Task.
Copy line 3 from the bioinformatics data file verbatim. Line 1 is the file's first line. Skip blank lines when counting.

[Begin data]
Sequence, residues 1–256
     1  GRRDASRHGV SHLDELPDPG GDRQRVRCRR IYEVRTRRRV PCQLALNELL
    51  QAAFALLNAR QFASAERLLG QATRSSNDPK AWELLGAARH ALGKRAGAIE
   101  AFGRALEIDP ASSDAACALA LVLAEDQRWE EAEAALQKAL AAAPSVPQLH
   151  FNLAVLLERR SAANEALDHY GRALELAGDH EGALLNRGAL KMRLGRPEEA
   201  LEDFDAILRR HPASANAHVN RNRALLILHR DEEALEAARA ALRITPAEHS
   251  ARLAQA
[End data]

    51  QAAFALLNAR QFASAERLLG QATRSSNDPK AWELLGAARH ALGKRAGAIE